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Dream Wife

Meet the women putting the fire in Iceland’s music scene

While the country is known for ethereal music and progressive politics, these musicians are showing there’s still a lot to fight for – and doing so with decidedly un-whimsical music

Ask an average music fan about Iceland and they’ll likely answer ‘Björk’. And while the singer stands tall as a musician and figure of inspiration, there’s a lot more going on in the land of fire and ice today. A new wave of women is leading the way across a vast swathe of genres – from trap to pop, house and hardcore – all united by a passion that keeps the country moving. There’s a vibe that permeates throughout Iceland Airwaves festival, a feeling that highlights the country’s diverse world: “Don’t fuck with me and you can come dance with me.” If you’re on board, then things will be great; just don’t try to box Icelandic music in.

The best way to get to the core of the big, shifting mass that is Icelandic music is to let the musicians speak for themselves. Though their genres might make them seem incredibly different, groups like grunge-pop trio Dream Wife, rap troupe Reykjavíkurdætur, and experimental punk outfit Hórmónar face a lot of the same challenges, encounter a lot of the same situations, and share in a lot of the same thrilling results as musicians. The Icelandic scene feels a lot like a sort of dream version of a local city scene, one in which musicians support each other and different bands’ members collaborate on new projects. And in that community of cross-pollination and opportunity, these artists continue to push against the boundaries of what is expected, innovating and fighting for change.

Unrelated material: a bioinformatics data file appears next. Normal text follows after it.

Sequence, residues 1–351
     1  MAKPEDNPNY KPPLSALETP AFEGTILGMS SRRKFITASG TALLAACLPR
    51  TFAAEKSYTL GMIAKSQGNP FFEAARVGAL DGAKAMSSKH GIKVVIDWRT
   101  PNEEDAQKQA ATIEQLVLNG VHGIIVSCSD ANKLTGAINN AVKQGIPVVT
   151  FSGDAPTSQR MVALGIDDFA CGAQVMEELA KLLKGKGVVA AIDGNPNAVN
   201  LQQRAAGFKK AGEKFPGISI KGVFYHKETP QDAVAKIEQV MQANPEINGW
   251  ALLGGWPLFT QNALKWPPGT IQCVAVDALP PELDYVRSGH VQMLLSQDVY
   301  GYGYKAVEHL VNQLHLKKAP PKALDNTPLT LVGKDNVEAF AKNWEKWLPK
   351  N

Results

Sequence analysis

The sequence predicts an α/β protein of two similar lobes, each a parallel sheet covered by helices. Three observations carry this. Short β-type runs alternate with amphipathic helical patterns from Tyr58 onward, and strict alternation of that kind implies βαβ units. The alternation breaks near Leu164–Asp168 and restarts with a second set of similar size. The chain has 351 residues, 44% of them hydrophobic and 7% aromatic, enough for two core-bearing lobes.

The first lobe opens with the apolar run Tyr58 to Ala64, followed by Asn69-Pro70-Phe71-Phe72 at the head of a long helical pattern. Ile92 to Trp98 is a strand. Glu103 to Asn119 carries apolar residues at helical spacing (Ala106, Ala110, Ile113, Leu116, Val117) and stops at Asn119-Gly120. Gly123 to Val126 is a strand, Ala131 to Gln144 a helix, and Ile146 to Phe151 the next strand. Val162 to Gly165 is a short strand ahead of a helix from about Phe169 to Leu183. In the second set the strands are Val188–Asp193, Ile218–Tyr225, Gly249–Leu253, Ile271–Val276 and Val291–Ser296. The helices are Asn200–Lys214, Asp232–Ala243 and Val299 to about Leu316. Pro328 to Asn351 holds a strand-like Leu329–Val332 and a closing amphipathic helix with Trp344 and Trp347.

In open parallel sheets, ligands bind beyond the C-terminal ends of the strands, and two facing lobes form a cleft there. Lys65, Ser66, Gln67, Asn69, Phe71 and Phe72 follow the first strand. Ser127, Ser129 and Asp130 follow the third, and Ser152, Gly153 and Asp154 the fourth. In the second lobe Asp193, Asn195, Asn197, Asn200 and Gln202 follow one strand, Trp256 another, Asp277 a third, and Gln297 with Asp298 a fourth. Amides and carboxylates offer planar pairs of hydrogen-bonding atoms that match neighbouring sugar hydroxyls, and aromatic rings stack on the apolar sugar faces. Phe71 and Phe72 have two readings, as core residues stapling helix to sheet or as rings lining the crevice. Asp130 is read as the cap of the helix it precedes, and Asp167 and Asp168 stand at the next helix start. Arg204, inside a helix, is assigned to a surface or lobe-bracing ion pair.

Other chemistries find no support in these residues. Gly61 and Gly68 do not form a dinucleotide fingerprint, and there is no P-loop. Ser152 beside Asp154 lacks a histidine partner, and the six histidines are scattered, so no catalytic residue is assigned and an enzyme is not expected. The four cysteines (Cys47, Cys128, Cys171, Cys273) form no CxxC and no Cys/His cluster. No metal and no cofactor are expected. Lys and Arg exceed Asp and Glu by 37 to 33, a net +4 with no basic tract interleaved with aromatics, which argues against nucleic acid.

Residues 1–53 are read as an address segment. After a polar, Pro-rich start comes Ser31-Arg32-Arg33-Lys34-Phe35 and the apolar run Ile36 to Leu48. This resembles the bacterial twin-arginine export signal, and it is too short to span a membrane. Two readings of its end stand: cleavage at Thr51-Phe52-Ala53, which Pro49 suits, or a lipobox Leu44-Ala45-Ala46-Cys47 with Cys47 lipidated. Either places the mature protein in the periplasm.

Hórmónar’s music runs at profound speed in deliriously high volumes. Chords are long and loud, leaving the listener open to every subtle change. It stings and caresses in equal measure. Translating to “Whoremoans” in English, the recent winners of the Icelandic Music Experiments (IME) don’t worry about the crossover-driven style of previous prize-winners like Of Monsters and Men – instead, they focus on killer riffs, amplifier worship, and gigantic, burning parades of emotion. Inspired by Sonic Youth and fellow Icelandic bands like Mammút and Agent Fresco, the group sing about “abuse, tragedy and emotions”, according to drummer Örn Gauti. Their track “Kynsvelt” is a colossus, the sound somehow paralysing and exhilarating.

This year’s IME contest featured a record number of female performers, a sign of growth that Hórmónar latch on to eagerly. “We are equal, and the only difference in our case is that there are three vaginas and two penises on stage,” says Gauti. “And that’s awesome.” Rather than gender, the band is set apart by their music’s raw intensity in a country often stereotyped for its pastoral mysticism. They sound unlike anything else in the country, and yet they are driven by the communal feel – the scene celebrates individuality, no matter what form it may take. “We’re a young band and we are still learning the ropes. But nobody has puked or crapped themselves on stage so far.” And while they took the opportunity to throw the map out the window and start pushing forward, “nobody’s aiming to please or to sell or be bought,” according to Gauti. “Most people who do music in Iceland are doing it for themselves and because they love it. We are a small island in the middle of the ocean.” These are the foundations from which Hórmónar now sprawl.